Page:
Abstract: Intimate Partner Homicides in Pregnant Women Compared to Non-Pregnant Women: Findings from National Data (Society for Social Work and Research 24th Annual Conference - Reducing Racial and Economic Inequality)

Intimate Partner Homicides in Pregnant Women Compared to Non-Pregnant Women: Findings from National Data

Sunday, January 19, 2020
Liberty Ballroom N, ML 4 (Marriott Marquis Washington DC)
* noted as presenting author
Rachel Fusco, PhD, Associate Professor, University of Georgia, Athens, GA
Background and Significance: The number of women who were victims of homicide in the U.S. grew by 21% in 2016 compared to the previous year. Women who are murdered in the U.S. are nine times more likely to be killed by former or current intimate partner than by a stranger. Pregnant women are at particularly high risk, and homicide is one of the leading causes of death in pregnant women. While certain risk factors for Intimate partner homicides (IPH), such as a prior history of intimate partner violence, access to firearms, and suicidality in the partner, have been established, less is known about specific risk factors among pregnant IPH victims. Developing a better understanding of IPHs in pregnancy may help in creating targeted prevention programs. The current study compared differences in female IPH victims of childbearing age (defined by the CDC as 15-44 years old) who were pregnant compared to those who were not pregnant using a national database of violent deaths.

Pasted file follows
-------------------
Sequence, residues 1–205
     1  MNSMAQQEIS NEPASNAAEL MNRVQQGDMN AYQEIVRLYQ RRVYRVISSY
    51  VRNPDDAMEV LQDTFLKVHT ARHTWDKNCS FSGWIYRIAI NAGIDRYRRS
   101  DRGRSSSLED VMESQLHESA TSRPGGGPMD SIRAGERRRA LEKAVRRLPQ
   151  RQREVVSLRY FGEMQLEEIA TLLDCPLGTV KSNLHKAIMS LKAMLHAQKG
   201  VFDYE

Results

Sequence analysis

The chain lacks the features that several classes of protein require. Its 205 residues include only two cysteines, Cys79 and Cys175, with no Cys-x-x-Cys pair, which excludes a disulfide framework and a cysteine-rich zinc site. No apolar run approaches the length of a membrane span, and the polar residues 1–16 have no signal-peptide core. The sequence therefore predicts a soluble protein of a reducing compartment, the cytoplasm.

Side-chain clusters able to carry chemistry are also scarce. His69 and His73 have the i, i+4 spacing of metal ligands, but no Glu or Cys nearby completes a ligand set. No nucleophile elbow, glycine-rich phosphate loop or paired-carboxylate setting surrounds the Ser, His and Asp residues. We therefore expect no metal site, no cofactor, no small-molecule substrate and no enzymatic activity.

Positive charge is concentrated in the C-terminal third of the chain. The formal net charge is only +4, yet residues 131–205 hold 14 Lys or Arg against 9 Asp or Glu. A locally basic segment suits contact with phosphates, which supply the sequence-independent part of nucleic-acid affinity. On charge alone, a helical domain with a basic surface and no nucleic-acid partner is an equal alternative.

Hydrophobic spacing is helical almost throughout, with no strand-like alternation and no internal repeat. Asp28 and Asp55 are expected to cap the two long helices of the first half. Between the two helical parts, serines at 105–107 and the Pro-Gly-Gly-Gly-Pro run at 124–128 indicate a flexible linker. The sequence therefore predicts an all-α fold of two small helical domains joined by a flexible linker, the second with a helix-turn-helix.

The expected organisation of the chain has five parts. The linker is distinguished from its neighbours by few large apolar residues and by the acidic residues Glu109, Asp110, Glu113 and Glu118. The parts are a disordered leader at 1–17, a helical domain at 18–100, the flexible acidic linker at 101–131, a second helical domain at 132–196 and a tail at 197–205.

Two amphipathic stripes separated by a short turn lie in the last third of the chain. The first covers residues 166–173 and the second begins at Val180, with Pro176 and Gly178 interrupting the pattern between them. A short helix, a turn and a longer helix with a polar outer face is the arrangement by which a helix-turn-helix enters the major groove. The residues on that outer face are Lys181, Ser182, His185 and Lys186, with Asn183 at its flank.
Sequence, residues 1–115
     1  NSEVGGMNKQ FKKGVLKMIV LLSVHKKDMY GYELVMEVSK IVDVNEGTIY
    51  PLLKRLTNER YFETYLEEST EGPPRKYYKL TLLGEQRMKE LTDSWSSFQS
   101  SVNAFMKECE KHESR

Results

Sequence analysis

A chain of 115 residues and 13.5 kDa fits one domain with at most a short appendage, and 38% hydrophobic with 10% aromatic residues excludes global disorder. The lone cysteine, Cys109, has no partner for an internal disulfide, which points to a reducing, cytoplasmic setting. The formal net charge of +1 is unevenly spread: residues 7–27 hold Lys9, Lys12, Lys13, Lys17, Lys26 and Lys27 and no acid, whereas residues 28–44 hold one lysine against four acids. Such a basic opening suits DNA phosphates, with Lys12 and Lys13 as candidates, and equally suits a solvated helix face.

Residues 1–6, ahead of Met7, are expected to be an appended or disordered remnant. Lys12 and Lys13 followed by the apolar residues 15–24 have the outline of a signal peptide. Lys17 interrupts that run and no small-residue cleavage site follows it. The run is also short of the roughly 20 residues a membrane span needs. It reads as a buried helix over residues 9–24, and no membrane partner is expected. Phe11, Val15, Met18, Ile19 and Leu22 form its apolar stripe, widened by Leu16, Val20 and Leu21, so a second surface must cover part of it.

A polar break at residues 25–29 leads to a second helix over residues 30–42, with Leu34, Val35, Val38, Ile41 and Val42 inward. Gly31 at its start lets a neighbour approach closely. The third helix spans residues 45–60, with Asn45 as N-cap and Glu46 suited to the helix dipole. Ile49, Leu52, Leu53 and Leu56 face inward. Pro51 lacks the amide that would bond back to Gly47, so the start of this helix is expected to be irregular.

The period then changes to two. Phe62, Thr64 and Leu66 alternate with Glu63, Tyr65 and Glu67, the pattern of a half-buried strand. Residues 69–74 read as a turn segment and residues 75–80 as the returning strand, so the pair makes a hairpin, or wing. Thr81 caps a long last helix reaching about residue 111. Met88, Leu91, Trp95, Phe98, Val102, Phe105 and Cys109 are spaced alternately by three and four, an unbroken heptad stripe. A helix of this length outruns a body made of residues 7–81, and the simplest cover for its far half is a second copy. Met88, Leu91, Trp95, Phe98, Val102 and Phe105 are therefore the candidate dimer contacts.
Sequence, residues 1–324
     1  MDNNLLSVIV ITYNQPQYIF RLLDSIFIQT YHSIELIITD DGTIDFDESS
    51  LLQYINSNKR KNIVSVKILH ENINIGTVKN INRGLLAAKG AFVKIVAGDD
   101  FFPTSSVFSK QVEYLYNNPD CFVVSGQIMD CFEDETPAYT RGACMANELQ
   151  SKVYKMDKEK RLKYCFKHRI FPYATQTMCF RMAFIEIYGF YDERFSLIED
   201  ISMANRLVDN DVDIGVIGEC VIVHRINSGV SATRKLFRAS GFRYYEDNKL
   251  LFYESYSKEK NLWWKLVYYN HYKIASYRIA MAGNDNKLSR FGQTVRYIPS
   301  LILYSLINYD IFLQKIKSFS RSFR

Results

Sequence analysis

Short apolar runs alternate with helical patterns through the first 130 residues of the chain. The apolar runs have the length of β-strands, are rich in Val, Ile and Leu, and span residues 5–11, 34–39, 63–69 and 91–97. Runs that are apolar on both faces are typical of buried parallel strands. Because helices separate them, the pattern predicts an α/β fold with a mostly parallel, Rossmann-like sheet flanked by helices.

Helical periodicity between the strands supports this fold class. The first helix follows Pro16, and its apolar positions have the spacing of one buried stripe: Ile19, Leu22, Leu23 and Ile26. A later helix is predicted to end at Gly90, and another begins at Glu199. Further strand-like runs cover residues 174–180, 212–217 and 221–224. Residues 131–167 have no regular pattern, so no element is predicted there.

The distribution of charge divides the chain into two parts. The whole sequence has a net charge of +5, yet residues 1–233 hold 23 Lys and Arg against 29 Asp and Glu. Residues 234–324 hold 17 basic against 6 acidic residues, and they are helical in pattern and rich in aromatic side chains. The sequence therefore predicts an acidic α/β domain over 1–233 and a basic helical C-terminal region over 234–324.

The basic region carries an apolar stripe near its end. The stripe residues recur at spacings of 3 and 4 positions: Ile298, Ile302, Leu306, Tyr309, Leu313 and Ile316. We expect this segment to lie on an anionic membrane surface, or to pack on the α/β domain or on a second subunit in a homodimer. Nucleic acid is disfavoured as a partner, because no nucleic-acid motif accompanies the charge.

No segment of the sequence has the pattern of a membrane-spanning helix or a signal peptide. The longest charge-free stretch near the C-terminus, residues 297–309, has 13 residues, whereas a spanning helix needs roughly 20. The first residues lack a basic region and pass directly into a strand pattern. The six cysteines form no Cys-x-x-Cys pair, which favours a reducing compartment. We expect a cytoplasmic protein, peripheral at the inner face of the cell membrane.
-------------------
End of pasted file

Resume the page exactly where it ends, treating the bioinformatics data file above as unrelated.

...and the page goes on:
Methods: The National Violent Death Reporting System (NVDRS) combines information from multiple sources: death certificates, coroner and medical examiner information, toxicology data, and law enforcement reports. NVDRS data are incident based so information is gathered on both the victim and the perpetrator. Data were abstracted all incidents involving IPH with female victims of childbearing age from the NVDRS for 2003–2015 for the 17 states who consistently reported across those years (N=7,799). Chi-squares and t-tests were conducted to explore differences between the two groups, and logistic regression calculated odds ratios.

Results: Roughly 15% of all women who were murdered by their intimate partners were known to be pregnant. Pregnant IPH victims were more likely to Black or multiracial than non-pregnant women. They were also more likely to have never married. Pregnant women were significantly less likely to have used alcohol and were less likely to have a history of mental health problems. Pregnant women were significantly more likely to have interacted with healthcare systems prior to death, including emergency department visits and hospital stays. They were also more likely to have experienced recent homelessness and to have a known history of engaging in sex work.

In cases with pregnant victims, perpetrators were more likely to be a current, rather than former, partner. The perpetrators were also more likely to use drugs. While the majority of IPHs were committed with firearms, deaths were more likely to be the result of head and neck injuries or sharp objects when victims were pregnant.

Conclusions and Implications: While every effort should be made to prevent all IPHs, pregnant women represent a particularly vulnerable population. The current study shows that there may be different risk factors in both the victims and perpetrators of IPH. Healthcare settings and agencies that serve homeless women may be important systems to provide outreach and advocacy for pregnant women in violent relationships. Current interventions focused on supporting sex workers could also incorporate education on the potential dangers of IPH, especially during pregnancy, into programming.